PS. Fred will argue that he never used the word fired. This is true. He made demands that no independent writer would ever consent to, knowing that I would not consent to them. The line between that and firing is very fine, and might be called infinitesimal.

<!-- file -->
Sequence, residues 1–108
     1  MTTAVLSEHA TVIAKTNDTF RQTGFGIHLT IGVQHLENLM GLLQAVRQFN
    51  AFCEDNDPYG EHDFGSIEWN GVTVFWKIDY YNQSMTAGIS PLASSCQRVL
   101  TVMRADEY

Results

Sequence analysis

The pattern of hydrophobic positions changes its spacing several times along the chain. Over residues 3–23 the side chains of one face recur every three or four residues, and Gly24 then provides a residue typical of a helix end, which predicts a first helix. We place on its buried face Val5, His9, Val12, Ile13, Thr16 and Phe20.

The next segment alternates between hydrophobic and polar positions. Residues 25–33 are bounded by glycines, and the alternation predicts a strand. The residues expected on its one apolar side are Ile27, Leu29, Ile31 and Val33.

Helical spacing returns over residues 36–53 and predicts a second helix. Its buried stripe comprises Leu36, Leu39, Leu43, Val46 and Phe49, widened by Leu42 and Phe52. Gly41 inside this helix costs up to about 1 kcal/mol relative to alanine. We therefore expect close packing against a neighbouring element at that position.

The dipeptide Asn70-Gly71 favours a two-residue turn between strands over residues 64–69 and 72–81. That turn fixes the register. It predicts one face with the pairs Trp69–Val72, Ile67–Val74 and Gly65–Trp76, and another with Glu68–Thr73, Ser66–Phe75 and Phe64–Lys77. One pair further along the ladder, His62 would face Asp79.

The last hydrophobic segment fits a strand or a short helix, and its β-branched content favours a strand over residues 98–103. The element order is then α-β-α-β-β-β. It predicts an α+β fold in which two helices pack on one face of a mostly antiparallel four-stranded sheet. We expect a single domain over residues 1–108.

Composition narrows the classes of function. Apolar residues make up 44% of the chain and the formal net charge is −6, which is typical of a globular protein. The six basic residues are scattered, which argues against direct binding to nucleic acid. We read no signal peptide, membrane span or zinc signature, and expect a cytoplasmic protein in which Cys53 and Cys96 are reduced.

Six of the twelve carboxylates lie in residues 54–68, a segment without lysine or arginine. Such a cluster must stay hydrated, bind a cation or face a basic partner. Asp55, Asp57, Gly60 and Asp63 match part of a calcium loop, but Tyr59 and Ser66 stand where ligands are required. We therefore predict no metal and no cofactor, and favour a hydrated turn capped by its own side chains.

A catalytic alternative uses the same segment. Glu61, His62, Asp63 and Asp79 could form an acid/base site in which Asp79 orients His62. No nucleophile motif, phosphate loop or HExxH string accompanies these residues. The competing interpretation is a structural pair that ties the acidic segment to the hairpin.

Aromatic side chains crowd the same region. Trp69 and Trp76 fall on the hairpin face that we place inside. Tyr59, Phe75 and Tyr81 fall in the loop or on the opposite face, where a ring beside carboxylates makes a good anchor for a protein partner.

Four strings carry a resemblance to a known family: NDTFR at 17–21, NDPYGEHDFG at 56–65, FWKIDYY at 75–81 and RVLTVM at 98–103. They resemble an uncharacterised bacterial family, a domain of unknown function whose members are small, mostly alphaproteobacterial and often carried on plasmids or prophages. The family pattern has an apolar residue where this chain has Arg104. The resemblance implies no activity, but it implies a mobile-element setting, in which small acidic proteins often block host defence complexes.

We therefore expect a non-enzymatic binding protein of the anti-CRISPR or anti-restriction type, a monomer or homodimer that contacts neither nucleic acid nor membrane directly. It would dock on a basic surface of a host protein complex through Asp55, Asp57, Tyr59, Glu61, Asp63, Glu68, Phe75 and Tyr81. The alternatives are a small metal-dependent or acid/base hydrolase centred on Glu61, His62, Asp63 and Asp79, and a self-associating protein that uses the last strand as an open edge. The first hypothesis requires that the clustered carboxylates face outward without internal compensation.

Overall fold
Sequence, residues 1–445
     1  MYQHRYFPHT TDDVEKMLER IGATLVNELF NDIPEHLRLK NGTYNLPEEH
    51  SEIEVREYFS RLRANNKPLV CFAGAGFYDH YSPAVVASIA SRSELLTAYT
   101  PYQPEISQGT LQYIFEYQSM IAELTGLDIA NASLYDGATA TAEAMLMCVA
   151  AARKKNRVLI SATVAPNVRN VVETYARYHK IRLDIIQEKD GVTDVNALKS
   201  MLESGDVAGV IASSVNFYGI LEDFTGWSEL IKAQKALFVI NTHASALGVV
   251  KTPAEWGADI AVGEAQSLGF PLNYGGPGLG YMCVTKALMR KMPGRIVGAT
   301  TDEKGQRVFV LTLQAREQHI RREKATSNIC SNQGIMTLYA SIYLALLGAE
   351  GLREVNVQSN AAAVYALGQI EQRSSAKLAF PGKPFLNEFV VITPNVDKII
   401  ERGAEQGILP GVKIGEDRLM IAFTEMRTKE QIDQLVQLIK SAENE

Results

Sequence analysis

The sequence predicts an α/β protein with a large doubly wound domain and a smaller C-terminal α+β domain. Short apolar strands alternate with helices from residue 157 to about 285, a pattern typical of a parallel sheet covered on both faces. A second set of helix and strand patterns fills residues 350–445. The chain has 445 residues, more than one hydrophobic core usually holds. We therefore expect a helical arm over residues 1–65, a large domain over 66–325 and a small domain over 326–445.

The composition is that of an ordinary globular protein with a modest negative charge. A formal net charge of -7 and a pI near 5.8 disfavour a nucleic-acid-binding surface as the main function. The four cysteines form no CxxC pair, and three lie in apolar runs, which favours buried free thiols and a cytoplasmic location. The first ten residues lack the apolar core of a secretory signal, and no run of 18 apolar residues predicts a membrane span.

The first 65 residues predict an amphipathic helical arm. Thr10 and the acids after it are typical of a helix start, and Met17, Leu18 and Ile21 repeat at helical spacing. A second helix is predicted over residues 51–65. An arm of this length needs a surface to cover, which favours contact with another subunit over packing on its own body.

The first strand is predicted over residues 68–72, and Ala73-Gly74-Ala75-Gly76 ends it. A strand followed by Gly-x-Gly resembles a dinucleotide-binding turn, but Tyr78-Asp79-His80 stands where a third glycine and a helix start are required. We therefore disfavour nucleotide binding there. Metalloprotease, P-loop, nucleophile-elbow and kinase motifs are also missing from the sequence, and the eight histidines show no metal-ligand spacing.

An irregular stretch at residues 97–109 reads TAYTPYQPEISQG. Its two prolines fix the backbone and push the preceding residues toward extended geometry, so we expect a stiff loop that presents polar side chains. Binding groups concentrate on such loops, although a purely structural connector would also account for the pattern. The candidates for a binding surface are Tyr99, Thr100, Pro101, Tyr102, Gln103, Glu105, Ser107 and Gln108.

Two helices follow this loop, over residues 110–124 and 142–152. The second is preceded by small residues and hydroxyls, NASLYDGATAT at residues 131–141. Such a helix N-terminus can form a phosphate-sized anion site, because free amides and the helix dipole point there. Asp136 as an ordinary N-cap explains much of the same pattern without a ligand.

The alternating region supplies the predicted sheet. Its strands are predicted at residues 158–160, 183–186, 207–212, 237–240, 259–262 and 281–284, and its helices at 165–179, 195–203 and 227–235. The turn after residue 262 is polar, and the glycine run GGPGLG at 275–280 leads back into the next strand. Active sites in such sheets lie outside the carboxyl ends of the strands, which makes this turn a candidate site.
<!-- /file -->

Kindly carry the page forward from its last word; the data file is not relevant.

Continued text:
PPS. Nota bene that I never use the word "censored" here or elsewhere in my relations with ARC. Fred never published anything over my protest, changed any word without my consent, or played dirty in any way. For quite a long time ARC published my articles exactly as I wrote them, and I am grateful for this opportunity--an opportunity few writers ever have, even for a short time. ARC has the right to its agenda, including the right to edit as they see fit. Fred should have precisely the sort of website he envisions. I would never argue against this right, as a right. I have not used the word "censor" since a writer never has any unalienable right to be printed. My argument is not that my freedom has been suppressed, but that ARC's vision is overly narrow and that its editorial policies are not in its own best interest, much less the interest of art history. Good writers will not submit to being the mouthpiece of an ideology. A person with interesting ideas will never be strictly yoked to the ideas of another person. Alliances can only be general alliances: a writer and his editor can never agree on every last term, down to who would be the best person to quote in every paragraph. And no writer will ever allow an editor to insert sentences into a completed article. That is writing by committee, and is only appropriate when both authors are signing the article (or when the piece is a strict editorial, prepared by a board and unsigned by any individual). Furthermore, no writer with any self-respect will write for an autocratic editor, one who treats him with condescension. A man must differentiate between his friends and his enemies, and treat them accordingly. In swimming upstream, Fred has become used to dealing more with enemies. I can understand this—99% of my time in the arts is spent in some posture of self-defense. But if a person does not remember how to change poses quickly, all his acquaintances quickly devolve into enemies or flunkies. People in positions of power are especially prone to this, and people who attain positions of power coming from the margins are doubly prone. Fred and ARC may be able to avoid this crisis. I wish them well, for a majority of their attacks on the left are factually correct and sometimes well presented. The ARC museum is a benefit to the web and the promotion of traditional education is long overdue. However, turning a blind eye to the problems on the right cannot benefit art. Art must be defended from all encroachments, left and right.